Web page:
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Henri Fayol’s second principle of Management is Authority and Responsibility. Fayol defines authority as “the right to give orders and the power to exact obedience”.

 To manage an organization means to get things done through people; and to get things done through people, there must be one who knows what is what and who should do what and this one is generally known as manager. A manager, therefore, has a clear goal to achieve and a right direction to move on.  To help him, or rather, to cooperate with him in his aim of achieving the goal, there must be adequate people, the colleagues. The manager knows which work must be given to whom and when. He therefore instructs the colleague into the nature of his work. This ability to give instructions to the fellow-worker to accomplish a particular task gives him the power to give instructions, to give orders. In the organizational context, an order is a command that has to be obeyed without argument and the manager can compel his colleague to obey him with the right given to him by the management.  In other words, the manager has the authority to command a fellow-worker to carry out a particular task. Henri Fayol’s definition of authority underscores this point only.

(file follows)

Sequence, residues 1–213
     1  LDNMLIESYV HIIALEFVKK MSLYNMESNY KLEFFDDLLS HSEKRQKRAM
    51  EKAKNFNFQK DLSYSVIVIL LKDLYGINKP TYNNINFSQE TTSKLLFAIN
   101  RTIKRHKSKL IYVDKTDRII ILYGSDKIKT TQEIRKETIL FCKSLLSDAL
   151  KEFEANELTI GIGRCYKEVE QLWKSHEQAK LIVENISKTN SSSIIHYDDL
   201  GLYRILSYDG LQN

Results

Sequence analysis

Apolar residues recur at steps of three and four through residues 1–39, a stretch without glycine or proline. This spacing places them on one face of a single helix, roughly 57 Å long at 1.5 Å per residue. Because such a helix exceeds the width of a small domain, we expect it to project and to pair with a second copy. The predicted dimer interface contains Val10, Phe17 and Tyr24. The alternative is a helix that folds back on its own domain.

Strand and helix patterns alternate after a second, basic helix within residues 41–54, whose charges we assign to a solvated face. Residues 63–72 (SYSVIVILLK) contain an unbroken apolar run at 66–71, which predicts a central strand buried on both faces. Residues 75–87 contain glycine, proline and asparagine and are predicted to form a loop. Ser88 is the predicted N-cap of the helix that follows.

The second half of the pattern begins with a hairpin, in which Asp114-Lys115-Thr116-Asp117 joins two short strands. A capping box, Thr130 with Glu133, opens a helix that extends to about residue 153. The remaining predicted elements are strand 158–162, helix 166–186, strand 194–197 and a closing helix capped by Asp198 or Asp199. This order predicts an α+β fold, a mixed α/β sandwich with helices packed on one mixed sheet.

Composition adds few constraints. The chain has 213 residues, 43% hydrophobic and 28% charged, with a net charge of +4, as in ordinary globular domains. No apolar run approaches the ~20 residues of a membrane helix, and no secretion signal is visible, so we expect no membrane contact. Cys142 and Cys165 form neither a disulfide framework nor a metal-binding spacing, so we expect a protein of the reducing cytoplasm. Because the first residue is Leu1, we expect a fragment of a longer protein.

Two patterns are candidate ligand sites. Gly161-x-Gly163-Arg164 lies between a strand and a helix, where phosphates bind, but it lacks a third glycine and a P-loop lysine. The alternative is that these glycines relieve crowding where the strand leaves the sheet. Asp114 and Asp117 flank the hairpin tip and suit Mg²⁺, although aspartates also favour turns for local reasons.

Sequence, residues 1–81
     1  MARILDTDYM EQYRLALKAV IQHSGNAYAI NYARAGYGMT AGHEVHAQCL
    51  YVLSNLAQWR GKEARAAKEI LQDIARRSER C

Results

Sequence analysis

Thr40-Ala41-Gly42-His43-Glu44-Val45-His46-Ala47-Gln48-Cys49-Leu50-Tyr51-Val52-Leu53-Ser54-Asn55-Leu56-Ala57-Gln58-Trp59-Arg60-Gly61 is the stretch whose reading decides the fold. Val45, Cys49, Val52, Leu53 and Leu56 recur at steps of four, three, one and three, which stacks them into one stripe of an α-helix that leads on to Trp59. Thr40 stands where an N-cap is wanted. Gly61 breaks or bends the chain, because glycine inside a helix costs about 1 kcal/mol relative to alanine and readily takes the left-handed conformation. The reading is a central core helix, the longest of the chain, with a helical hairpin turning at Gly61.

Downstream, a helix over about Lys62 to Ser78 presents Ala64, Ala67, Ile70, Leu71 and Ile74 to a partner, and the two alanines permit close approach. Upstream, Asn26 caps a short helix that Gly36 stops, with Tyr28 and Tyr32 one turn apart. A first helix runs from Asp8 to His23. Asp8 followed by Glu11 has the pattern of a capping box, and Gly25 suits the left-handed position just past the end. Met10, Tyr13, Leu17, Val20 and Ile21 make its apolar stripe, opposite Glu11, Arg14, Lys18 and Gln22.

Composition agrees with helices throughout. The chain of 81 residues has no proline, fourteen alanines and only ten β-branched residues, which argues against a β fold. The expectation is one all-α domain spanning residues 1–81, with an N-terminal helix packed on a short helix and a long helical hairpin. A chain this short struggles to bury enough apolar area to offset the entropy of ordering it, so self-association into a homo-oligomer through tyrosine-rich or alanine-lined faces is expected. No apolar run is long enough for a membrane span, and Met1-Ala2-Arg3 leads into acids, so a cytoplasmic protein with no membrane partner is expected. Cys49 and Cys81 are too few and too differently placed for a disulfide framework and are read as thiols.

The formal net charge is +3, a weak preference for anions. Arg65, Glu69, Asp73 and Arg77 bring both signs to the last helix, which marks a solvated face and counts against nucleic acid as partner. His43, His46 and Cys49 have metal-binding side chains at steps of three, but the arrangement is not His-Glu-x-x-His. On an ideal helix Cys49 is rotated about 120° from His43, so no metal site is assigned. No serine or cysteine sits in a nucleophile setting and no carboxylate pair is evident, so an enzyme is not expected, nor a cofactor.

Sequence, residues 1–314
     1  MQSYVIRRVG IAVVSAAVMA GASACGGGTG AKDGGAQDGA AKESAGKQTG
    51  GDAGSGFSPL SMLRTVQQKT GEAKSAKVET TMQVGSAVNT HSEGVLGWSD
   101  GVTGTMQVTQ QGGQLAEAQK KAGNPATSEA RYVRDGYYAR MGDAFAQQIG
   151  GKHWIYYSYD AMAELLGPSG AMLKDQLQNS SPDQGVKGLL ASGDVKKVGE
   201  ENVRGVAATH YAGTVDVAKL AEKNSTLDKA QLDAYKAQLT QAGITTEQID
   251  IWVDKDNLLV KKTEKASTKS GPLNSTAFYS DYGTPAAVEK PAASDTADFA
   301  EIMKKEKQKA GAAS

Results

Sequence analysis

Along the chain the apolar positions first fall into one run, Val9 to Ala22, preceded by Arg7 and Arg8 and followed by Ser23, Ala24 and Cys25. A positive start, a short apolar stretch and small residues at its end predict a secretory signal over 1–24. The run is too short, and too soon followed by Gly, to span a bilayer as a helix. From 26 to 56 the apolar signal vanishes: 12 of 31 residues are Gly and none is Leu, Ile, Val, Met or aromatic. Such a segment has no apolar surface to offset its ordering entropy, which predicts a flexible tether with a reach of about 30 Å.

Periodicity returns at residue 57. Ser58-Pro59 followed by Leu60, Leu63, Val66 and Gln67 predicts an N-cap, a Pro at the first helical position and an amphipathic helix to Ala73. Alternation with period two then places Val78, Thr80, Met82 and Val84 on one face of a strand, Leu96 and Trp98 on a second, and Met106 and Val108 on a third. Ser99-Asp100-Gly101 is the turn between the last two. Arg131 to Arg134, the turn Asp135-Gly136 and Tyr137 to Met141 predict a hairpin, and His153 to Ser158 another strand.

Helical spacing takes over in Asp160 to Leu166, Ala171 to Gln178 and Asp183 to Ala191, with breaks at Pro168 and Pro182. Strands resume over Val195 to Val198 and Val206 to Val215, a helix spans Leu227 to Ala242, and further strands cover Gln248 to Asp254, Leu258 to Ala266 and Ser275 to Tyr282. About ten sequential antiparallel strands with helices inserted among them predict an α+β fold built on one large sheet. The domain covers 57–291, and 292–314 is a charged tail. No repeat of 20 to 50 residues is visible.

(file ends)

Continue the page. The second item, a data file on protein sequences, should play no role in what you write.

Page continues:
The power to exact obedience has  significance.  It says that the manager can take decisions within the restricted area of operations as specified by his superiors and the management will accept his decisions.

 Truly, authority and responsibility always must go together.  Omission of one of the two will render the administration faulty and faltering.  Without authority, responsibility cannot be effective and the fellow-worker may choose to obey or not to obey; this situation will land up ultimately in waste of time, resources and money.  Come hell or high water, the manager must be obeyed.  Then only, there will be direction in the process of management and it is easier to assess the progress already made and yet to make.

Without responsibility, mere authority is empty of significance and its command will have no weight. Any chaos and confusion in any organization, public or private, can be easily attributed to investment of huge authority without adequate responsibility; responsibility denotes accountability.  Accountability stands for open acceptance of the consequences, be they good or bad. 

 Responsibility makes one serious in his job and authority gives seriousness a meaningful purpose and direction.

 Administration of any management cannot move smoothly without this principle of Authority and Responsibility.

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